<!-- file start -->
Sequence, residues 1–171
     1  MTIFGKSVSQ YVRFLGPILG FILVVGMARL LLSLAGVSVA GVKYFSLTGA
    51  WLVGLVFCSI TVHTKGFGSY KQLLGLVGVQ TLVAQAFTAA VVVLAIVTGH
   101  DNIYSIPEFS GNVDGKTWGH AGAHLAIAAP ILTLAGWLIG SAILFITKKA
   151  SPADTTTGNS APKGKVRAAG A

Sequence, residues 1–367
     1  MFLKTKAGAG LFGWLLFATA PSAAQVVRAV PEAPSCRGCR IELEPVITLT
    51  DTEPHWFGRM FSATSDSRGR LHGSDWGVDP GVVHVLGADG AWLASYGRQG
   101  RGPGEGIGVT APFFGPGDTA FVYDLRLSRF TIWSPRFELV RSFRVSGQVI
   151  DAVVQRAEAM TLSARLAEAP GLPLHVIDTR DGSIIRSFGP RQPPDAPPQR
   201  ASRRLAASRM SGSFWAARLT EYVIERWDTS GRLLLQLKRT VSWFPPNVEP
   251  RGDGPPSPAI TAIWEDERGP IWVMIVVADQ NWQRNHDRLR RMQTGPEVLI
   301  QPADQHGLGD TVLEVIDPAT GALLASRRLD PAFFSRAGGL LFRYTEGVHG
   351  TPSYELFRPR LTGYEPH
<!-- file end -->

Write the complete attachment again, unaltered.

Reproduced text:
Sequence, residues 1–171
     1  MTIFGKSVSQ YVRFLGPILG FILVVGMARL LLSLAGVSVA GVKYFSLTGA
    51  WLVGLVFCSI TVHTKGFGSY KQLLGLVGVQ TLVAQAFTAA VVVLAIVTGH
   101  DNIYSIPEFS GNVDGKTWGH AGAHLAIAAP ILTLAGWLIG SAILFITKKA
   151  SPADTTTGNS APKGKVRAAG A

Sequence, residues 1–367
     1  MFLKTKAGAG LFGWLLFATA PSAAQVVRAV PEAPSCRGCR IELEPVITLT
    51  DTEPHWFGRM FSATSDSRGR LHGSDWGVDP GVVHVLGADG AWLASYGRQG
   101  RGPGEGIGVT APFFGPGDTA FVYDLRLSRF TIWSPRFELV RSFRVSGQVI
   151  DAVVQRAEAM TLSARLAEAP GLPLHVIDTR DGSIIRSFGP RQPPDAPPQR
   201  ASRRLAASRM SGSFWAARLT EYVIERWDTS GRLLLQLKRT VSWFPPNVEP
   251  RGDGPPSPAI TAIWEDERGP IWVMIVVADQ NWQRNHDRLR RMQTGPEVLI
   301  QPADQHGLGD TVLEVIDPAT GALLASRRLD PAFFSRAGGL LFRYTEGVHG
   351  TPSYELFRPR LTGYEPH